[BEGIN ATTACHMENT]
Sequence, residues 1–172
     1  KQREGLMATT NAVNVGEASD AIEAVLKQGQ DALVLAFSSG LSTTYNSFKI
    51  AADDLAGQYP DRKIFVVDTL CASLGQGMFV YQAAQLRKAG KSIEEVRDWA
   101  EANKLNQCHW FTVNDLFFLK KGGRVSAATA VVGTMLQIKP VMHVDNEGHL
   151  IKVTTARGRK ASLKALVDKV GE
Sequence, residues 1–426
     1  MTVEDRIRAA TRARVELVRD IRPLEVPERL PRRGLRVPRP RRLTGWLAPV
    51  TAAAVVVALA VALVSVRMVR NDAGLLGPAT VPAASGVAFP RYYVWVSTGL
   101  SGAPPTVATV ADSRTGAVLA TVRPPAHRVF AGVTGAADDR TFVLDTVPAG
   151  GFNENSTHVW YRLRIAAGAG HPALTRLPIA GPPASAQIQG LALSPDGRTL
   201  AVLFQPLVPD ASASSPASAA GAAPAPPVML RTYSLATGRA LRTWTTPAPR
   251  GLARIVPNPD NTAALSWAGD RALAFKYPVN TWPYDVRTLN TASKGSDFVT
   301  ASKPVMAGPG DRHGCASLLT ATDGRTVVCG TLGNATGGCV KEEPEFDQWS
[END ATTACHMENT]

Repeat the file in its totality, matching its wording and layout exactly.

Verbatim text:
Sequence, residues 1–172
     1  KQREGLMATT NAVNVGEASD AIEAVLKQGQ DALVLAFSSG LSTTYNSFKI
    51  AADDLAGQYP DRKIFVVDTL CASLGQGMFV YQAAQLRKAG KSIEEVRDWA
   101  EANKLNQCHW FTVNDLFFLK KGGRVSAATA VVGTMLQIKP VMHVDNEGHL
   151  IKVTTARGRK ASLKALVDKV GE
Sequence, residues 1–426
     1  MTVEDRIRAA TRARVELVRD IRPLEVPERL PRRGLRVPRP RRLTGWLAPV
    51  TAAAVVVALA VALVSVRMVR NDAGLLGPAT VPAASGVAFP RYYVWVSTGL
   101  SGAPPTVATV ADSRTGAVLA TVRPPAHRVF AGVTGAADDR TFVLDTVPAG
   151  GFNENSTHVW YRLRIAAGAG HPALTRLPIA GPPASAQIQG LALSPDGRTL
   201  AVLFQPLVPD ASASSPASAA GAAPAPPVML RTYSLATGRA LRTWTTPAPR
   251  GLARIVPNPD NTAALSWAGD RALAFKYPVN TWPYDVRTLN TASKGSDFVT
   301  ASKPVMAGPG DRHGCASLLT ATDGRTVVCG TLGNATGGCV KEEPEFDQWS